He added several top international players to the side, as the club won the FA Cup in 1997 and established themselves as one of England's top sides again. Gullit was replaced by Gianluca Vialli, who led the team to victory in the League Cup Final, the UEFA Cup Winners' Cup Final and the UEFA Super Cup in 1998, the FA Cup in 2000 and their first appearance in the UEFA Champions League. Vialli was sacked in favour of Claudio Ranieri, who guided Chelse
Claudio Ranieri Grande Ufficiale OMRI is an Italian football coach and former player, the current head coach of Serie A club Roma. Ranieri began his managerial career in the lower leagues in Italy during the late 1980s, made his name at Cagliari, whom he took from Serie C1 up to Serie A in successive seasons, he went on to manage Napoli, where he led the team to qualify for the UEFA Cup, only to be dismissed the following season. In 1993, he joined Fiorentina, led them to Serie A promotion winning the Coppa Italia and the Supercoppa Italiana in 1996, before moving to Spain in 1997, to manage Valencia and Atlético Madrid. With Valencia, he won a Copa del Rey and an UEFA Intertoto Cup, helped the club to qualify for the UEFA Champions League. In 2000, Ranieri moved to England to become head coach at Chelsea, his four seasons there saw Chelsea improve their points total season on season, with them finishing runners-up in 2004 and reaching the UEFA Champions League semi-final the same season. He was dismissed by Chelsea owner Roman Abramovich that May, but a number of players he signed and brought through during his time at Stamford Bridge formed the core of the side that went on to achieve domestic and international success in subsequent seasons.
After an unsuccessful second spell back in Spain with Valencia, he returned to management in Italy in 2007, where he encountered mixed success with spells at Parma, Juventus and Inter Milan. In 2012, he was hired to manage Ligue 1 team Monaco, who had just finished in the middle of Ligue 2, earned promotion as champions in his first season finished as Ligue 1 runners-up in his second season; this was followed by a foray into international management with the Greece national team, but he was dismissed less than four months after a 1–0 defeat against the Faroe Islands in the UEFA Euro 2016 qualifying. Ranieri returned to England once more in the summer of 2015 as manager of Leicester City, he went on to win the 2015–16 Premier League, after the club had narrowly avoided relegation the season prior, was named the 2016 Premier League Manager of the Season, LMA Manager of the Year. He was awarded the Grand Officer of the Italian Order of Merit and the Enzo Bearzot Award as best Italian manager of the year, as well as the 2016 Best FIFA Men's Coach Award.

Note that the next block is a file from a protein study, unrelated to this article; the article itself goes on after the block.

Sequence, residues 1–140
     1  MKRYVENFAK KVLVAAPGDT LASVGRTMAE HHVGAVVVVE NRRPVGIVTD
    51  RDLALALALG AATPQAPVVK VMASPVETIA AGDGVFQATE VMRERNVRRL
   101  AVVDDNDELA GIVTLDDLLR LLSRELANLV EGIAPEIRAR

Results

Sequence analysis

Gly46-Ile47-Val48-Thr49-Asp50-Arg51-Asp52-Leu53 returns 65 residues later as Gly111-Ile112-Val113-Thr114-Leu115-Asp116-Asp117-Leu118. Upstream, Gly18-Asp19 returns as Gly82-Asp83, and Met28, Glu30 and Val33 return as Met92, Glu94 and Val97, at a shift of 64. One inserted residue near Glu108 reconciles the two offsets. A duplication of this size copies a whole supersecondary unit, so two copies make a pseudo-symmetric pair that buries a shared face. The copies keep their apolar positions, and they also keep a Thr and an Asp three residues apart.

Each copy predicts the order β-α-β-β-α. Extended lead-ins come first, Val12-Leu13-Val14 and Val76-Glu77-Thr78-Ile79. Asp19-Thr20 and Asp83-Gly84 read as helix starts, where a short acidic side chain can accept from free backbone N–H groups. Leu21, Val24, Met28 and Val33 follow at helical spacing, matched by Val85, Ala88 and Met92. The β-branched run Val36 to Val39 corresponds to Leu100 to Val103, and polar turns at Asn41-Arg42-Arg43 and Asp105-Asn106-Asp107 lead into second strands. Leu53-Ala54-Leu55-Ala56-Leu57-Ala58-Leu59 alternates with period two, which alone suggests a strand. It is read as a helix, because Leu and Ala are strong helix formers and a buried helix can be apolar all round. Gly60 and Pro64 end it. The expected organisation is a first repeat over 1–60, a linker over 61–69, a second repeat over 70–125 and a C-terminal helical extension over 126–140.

He was dismissed by the club in February 2017 after a run of poor results. In June 2017, he spent a single season at the club, he was appointed Fulham manager in November 2018 before being dismissed in February 2019. Less than a month he returned as the head coach of Roma. Ranieri was born in San Saba, a neighbourhood of Rome near the Circus Maximus, is a lifelong supporter of A. S. Roma, he began playing football at his neighbourhood church. A childhood friend described him as having a stereotypically English demeanour, in being quiet and reserved, he and his family live in Formello, a nearby town where 1982 FIFA World Cup-winning goalkeeper Dino Zoff is among the residents. Ranieri is married to Dr. Rosanna. Ranieri has a daughter, who married Italian actor Alessandro Roja and gave Claudio a grandson, named Orlando. In May 2016, during his time as manager of Leicester City, he attracted media attention when he stated that he would be travelling to Rome to have lunch with his 96-year-old mother instead of watching the Chelsea–Tottenham Hotspur match.
Ranieri first signed as a professional football player with Roma, though in his two seasons with the club he only made six appearances. As a player, Ranieri spent most of his career playing as a defender for Catanzaro and Palermo, he was involved in four successful promotion campaigns. After coaching amateur side Vigor Lamezia, Ranieri's first managerial position was at Campania Puteolana, a small team in Pozzuoli, he took charge there in 1987. However, it was at Cagliari. After joining the club in 1988, he helped the team to gain promotion to Serie A from the third division Serie C1 in successive seasons winning the Coppa Italia Serie C in 1989. At Cagliari, his team were known for their fluid tactical system, which enabled the team to change their shape and switch between different formations throughout the course of a single match. From 1991, Ranieri managed for two seasons at Napoli, who were facing financial difficulties at the time. Despite finishing in fourth place in Serie A, qualifying for the UEFA Cup, he won no silverware during his spell with the club.